It is difficult to find information in English on the flour but it is like a 85% extraction flour that is not quite WW but darker than a strong bread flour....The taste is rustic and deep...although I mixed it with 25% Strong Organic White Marriages and 25% Strong Canadian flour. I might try it 100% next bake...and I think it will take more water easily...

This one was 78% hydration, 20% young leaven (ph 5 when I used it), 2 % salt.. , 2 hours autolyse, 30 min before adding salt after adding levain, slap and folds to develop gluten, 3 Stretch & folds and last 1 and 1/2 dough was left alone, pre-shape, 30 min benchrest and 30 min before going into wine cooler...

It was a warm day and tried to keep dough at 23C throughout whole process.

I can highly recommend this flour should you be in the UK and use Shipton Mill. No postage if you order min of £ 30 and lots of amazing flours there at a very good price!   Kat

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Time for the weekly bake and I decided that I want to improve  my shaping of a 'torpedo' style loaf

with more tampered ends. Not quite there but making a start...

Research first and I've found the following bakers on IG which shared their shaping and watched their videos endless times...

One is from @mothersoven and very much like a batard shape in BREAD, if I remember correctly...getting that tension right to be able to roll the ends - a bit like baguette -  is tough and will need much more practice...

I also had to change my schedule and decided to go with a premix - so mixed with salt using icecold water and then put the cold dough with salt in wine cooler at 12C for the night. Dough temp was 19C at the beginning.

Got up at 5AM and added the overnight leaven.

This was :

2250g of with 50% Shipton Mill Dark Swiss Flour and 50% Canadian Strong bread Flour

15% levain from overnight fed at 80% hydration

78% hydration (dough felt stiff considering and forgot how thirsty the Canadian flour is...)

I used gentle Rubaud when adding levain and also a gentle lamination to warm dough up and then 3 X hourly S & F.

I then had to go out and basically the dough was left alone in proofer at 21C. I came home at 11:00 and the dough was ready to pre-shape, 30 min benchrest and 30 min rest in banneton before into 4C wine cooler.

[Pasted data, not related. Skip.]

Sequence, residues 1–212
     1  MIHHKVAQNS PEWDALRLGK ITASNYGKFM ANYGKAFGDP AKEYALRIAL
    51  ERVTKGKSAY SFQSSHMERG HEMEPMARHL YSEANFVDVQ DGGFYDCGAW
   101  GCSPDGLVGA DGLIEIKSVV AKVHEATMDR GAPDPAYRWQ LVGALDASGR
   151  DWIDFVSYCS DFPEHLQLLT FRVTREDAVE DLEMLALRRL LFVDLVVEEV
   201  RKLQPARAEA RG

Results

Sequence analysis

It was nice to be able to use the pre-mix and knowing the dough will not turn into soup and also helps with developing that gluten without muscle power with that much dough...

Now, all the bread was given away apart from the smaller torpedo loaf  and crumb above...I really wish I could analyse crumb better to learn....I applied @mothersoven shaping and wonder whether my rolling it creates that denser area in the middle? The shaping learning is going to be continued....


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Coated with white and black sesame seeds.. 

When I saw the other day Leslie's beautiful seeded loaf based on Ru's formula I felt inspired and dived into my books and online and on this site to look at different it was time for my weekly 4 loaves bake for friends.

In the end I settled for Maurizio's Seeded Sourdough as it included one of my favourite flour: durum...

I did not have the fennel seeds or lemon zest he included and left those out and replaced the fennel seeds with white sesame. Otherwise I more or lest stayed true to the formula and did not go I often do with forumulas.

One think I really like about Maurizio's formulas is that he states the temperatures and what to aim for...that is really so helpful, I find.

I used Strong Canadian WW flour being aware of the risk with American formulas and British flours but the rest was Marriages Strong Organic White and De Cecco Durum flour.